Kim DeCarlis: If I can add some color to that, one of the things that we talk about, Bradley, is something we call the “web attack lifecycle.” And that is kind of the interrelated nature of attacks that happen out there. And one of them, we talked about it as the theft, the validation, and then they use stolen credentials and account information. So, Ido has done a great job of talking about malware as a venue, and using compute cycles and botnets, and so on. But one of the ways that people also get access is through lists of stolen username and password credentials that are available for purchase that can be bought for pennies on the million credential pairs for not very much money that then are used to– Some of them are validated. And the ones that are found to work are then used to try to commit some of that fraud. So, a lot of times the credentials are really old, that was from a Yahoo breach 10 years ago. Everybody has changed their password since then. But since most users, on average, reuse passwords, and they only have maybe six passwords that they use across their whole set of applications on which they rely; there’s a lot of password reuse. So, still getting those credentials and then using them, as Ido talked about, to validly login to a site; that happens a lot. And I think the key thing for merchants is, as Ido says: Don’t always assume that just because they’ve logged in with a valid credential pair, that they are who they say they are. There need to be further downstream checks before fraud can happen. So, setting flags on too many password changes, setting flags on shipping address changes, setting flags on things that would indicate that somebody is trying to take over that account to commit fraud is something that we think merchants need to pay closer attention to.
Bradley Chalupski: Absolutely. Ido, before we get off this point, I want to ask: You gave a little bit of a list, Kim now gave a little bit of a list – is there anything that hasn’t been said yet about what merchants should be looking for once somebody has logged in?
Ido Safruti: Yeah, the obvious fraud profiles where if a user usually log– This is an example that is given because it’s an easy one to understand. But there are many more complex profiles, and this is where fraud tools would look like with any anomaly in the user behavior. This user always logs in from the United States, and suddenly you see a transaction coming from a different country; that could raise a flag. Or especially, if you see that user still being active from the United States while another session of the same user is coming from a different country; this is even more suspicious. So, just looking for suspicious activities. There are also indicators of the actual login attempt itself. So, what we’re referring to and the examples that Kim was giving on what you should look for as indication to the fact that an account is actively taken over, there are the signals of how do you know that someone is trying a credential stuffing attack on your site? One clear indication is if I have database breach credentials – let’s say I have a million of that – the majority of them will not have an account on your site. And the ones that do have an account, won’t necessarily be still using the same credentials. That means that when I’m committing such a campaign, I’m expecting to see a very high rate of failures of “user does not exist” or “password and user do not match.” And if you see suddenly a spike of failed login attempts, that means that someone is targeting you. It won’t be surprising because, basically, any retailer that we know is constantly being a target for that. So, my expectation is that anyone who would look on their logs will see that there are thousands or millions of failed login attempts per day that are done systematically by attackers.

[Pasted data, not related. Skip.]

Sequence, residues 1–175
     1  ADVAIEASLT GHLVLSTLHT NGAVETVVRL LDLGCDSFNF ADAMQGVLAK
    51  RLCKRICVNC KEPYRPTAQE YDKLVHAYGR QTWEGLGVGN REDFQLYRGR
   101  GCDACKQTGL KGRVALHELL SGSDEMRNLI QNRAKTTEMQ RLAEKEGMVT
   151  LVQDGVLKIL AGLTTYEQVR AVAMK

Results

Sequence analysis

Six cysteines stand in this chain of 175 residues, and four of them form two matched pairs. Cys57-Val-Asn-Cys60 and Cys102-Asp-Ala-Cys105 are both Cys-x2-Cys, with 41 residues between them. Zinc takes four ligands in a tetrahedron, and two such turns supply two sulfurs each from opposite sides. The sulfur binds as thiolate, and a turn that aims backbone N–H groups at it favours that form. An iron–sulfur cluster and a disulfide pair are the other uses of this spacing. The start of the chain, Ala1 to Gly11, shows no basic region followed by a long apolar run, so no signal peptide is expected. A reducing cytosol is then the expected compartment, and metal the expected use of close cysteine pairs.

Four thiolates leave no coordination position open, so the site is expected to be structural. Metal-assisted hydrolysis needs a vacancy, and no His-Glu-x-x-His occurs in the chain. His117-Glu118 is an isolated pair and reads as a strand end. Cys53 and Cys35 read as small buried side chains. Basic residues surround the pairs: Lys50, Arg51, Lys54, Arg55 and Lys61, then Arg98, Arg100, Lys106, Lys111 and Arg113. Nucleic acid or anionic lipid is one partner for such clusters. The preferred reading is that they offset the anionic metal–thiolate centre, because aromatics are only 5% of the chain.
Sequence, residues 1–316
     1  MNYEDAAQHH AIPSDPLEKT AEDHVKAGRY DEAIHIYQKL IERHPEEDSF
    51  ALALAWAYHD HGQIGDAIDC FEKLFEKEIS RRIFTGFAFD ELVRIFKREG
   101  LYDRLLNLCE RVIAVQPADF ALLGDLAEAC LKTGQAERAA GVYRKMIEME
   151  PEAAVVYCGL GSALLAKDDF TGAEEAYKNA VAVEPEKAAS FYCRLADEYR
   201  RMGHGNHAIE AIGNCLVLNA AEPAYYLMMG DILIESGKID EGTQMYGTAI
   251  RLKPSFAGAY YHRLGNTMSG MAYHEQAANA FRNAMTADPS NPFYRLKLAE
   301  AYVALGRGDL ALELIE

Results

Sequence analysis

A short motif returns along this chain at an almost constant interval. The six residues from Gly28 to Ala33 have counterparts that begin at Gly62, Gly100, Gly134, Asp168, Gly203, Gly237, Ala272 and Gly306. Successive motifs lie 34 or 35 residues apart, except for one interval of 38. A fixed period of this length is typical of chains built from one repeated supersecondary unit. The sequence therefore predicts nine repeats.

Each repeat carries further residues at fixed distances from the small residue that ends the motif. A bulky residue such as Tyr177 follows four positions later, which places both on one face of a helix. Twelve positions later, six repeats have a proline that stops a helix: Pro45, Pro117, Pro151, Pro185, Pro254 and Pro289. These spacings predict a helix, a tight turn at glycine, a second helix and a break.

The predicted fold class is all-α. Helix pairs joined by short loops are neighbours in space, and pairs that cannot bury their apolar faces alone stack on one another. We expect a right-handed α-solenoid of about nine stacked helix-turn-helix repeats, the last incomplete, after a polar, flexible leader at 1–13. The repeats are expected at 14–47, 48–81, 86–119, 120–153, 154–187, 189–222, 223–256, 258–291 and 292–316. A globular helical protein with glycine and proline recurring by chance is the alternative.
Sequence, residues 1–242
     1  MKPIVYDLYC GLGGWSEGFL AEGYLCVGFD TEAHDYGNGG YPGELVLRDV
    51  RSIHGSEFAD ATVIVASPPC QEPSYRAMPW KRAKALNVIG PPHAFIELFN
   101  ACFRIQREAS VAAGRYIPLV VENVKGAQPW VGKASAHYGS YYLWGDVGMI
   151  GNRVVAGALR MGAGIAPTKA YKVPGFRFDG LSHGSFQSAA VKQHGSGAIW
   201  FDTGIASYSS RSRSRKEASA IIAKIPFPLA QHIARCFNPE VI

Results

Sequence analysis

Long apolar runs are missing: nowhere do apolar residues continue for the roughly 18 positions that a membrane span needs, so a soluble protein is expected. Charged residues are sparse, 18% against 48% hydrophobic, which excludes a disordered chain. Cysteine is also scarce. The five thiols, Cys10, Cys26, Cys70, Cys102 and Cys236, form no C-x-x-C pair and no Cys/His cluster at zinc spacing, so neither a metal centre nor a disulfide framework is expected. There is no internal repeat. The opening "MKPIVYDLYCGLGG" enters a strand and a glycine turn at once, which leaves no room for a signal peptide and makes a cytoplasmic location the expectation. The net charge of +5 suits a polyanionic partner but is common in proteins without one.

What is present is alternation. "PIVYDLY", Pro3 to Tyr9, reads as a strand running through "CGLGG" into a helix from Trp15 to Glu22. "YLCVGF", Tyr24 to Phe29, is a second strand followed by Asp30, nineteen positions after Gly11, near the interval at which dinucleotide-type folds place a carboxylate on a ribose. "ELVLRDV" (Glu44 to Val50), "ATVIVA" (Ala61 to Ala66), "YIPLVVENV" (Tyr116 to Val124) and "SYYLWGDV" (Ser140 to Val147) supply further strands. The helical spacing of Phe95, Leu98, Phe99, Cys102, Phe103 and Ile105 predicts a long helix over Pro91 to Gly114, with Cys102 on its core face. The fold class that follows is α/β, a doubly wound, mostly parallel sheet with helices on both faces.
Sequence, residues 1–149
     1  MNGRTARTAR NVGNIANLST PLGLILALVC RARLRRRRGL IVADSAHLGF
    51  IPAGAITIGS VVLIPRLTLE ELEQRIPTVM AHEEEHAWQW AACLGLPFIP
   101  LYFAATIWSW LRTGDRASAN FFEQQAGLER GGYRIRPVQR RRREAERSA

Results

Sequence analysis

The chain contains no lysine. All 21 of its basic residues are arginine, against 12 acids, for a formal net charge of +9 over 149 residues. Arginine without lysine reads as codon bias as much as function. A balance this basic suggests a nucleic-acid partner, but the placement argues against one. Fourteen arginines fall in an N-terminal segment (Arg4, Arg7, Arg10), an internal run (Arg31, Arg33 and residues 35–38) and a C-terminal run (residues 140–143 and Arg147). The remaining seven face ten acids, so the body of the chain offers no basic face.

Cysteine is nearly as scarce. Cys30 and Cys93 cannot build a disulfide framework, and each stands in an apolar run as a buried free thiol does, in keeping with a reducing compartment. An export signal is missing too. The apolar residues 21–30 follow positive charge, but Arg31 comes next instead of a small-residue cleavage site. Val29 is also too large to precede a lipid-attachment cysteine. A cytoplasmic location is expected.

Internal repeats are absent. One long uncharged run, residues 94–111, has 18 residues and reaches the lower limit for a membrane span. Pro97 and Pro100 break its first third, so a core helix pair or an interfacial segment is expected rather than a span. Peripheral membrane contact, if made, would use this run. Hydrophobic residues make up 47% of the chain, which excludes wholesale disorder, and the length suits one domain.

Bradley Chalupski: Amazing. All right, next story.
Ido Safruti: Again, as I said, most of the cool stories are relating to malware. This is an example to what I mentioned about the trend that we’re seeing on the custom-built malware, and the ease of repurposing existing malwares and stealers. And what we’ve seen on one of our customers, which is a marketplace, where people can offer services as well as consume services from others. So, you have power users where they offer the service as well as consumers. We saw accounts being taken over where we found, and the customer was also identifying the indication of breach. And that also brings back to what do you do once you identify that an account has been breached? Do you force a user to reset the password? Do you just keep them off the service? Do you block the account? Do you try to reach out? There’s no one good answer. It really depends on the site. It depends on the type of account and what type of damage and what type of breach are you indicating. So, forcing, for instance, a third-party two-factor authentication or multi-factor authentication is one way to validate that, but it’s not always available. What we’ve seen there is that whenever they were forcing the user to reset their password – doing a reset and sending an activation link to the user’s email – the user was reset, they were doing that. And within seconds, that account was taken over again. And that felt extremely frustrating for them. And what we’ve seen is, actually, an attacker was targeting specifically their power users, their sellers through phishing emails and all kinds of malicious emails containing this malware would try to get these users infected with this malware. That malware was purposely built by that attacker for that website. It’s not targeting any other website. It’s not like a generic malware that he’s trying to harvest credentials or money or Bitcoin or whatever it is. But it was built on some sort of an open source for a known platform that is called Stealer, which basically sits there quietly and steals information that the user is feeding. It may steal crypto wallet, it may steal your credential, it may steal a bunch of things.